43 cases of censorship and Morocco’s rise of repression

Journalism, repression, Morocco

As Morocco’s chief of police continues to control the country’s governance and excessive repression of press freedoms, there appears to be a link between the crackdown and Morocco’s accessibility to foreign investments and a sharp demise of what’s left of the country’s human rights record, according to a recent report.

On the 29th May, a new freedom rights group published a 22-page document detailing 43 cases of infringement upon freedoms of expression and the repression of the press in Morocco, the ENass reported, without actually mentioning by name Morocco’s police chief.

The National Authority for Support of Prisoners of Conscience and Victims of Violations of Freedom of Expression held a press briefing in Rabat to present the report and “inform national and international public opinion on the human rights situation, and the trials against citizens.”

READ: Omar Radi: Martyred in Morocco’s culling of the free press

Although the Conseil de L’Europe’s ‘Freedom of Expression” website claims that “Cooperation between Morocco and the Council of Europe in the Media Eilidh has been going on for some years now”, and vaguely promises that “the project will build on the results achieved by previous projects…to reinforce legal and institutional framework conducive for freedom of expression.”, Morocco’s continuous arrests of journalists suggests otherwise.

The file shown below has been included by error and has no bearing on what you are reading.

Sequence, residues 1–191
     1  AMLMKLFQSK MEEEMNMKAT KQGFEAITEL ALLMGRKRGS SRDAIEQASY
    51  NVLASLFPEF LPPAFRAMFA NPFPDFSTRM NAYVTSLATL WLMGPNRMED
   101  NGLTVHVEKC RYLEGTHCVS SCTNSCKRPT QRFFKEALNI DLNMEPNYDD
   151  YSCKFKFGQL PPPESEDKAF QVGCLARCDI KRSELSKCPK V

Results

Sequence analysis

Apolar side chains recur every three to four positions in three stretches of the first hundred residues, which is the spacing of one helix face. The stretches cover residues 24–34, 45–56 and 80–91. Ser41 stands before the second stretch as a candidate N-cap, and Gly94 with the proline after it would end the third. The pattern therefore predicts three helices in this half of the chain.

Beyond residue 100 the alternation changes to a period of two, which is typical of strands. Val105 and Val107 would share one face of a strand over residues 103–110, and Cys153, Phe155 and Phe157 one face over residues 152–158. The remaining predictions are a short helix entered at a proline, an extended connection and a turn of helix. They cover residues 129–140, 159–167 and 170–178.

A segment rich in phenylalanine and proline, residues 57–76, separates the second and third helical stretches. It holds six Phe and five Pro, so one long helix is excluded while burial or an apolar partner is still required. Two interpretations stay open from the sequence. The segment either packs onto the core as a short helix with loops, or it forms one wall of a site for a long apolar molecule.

Amnesty reported in 2019 that human rights defenders were being unlawfully targeted by NSO spyware that was developed in Israel and used to digitally observe individuals to restrict and limit their freedoms of expression.

The concerns of “the numerous cases where citizens are prosecuted for having expressed their opinions on the management of public policies by criticising the authorities,” are what drove the creation and publishing of the report.

The report notes that 15 cases were linked to mobilisations for Palestine and opposed to Morocco’s normalisation ties with Israel – which are a consequence of the Abraham Accords and the US and Israeli recognition of Morocco as the sovereign to Western Sahara.

The Moroccan rights coalition report states that there is “Repression against anti-normalisation activists, bloggers, journalists and peaceful protestors [who] opposed this unpopular policy.”

Sofiane Chater, an activist who expressed a pro-Palestinian opinion, was prosecuted by the Public Prosecutor before the Court of First Instance on 14th May for “entry on a playing field without legitimate reason during a football match.”, as he carried a Palestinian flag into the Berkane stadium.

In various nationwide crackdowns that were instigated by Morocco’s chief of police, Abdellatif Hammouchi, many journalists have found themselves incarcerated for exposing corruption within Morocco.

Omar Radi is currently serving a six-year prison sentence after his arrest in 2020 for “undermining state security and sexual assault.” Press freedom advocates believe that Radi’s charges were related to his investigative work.



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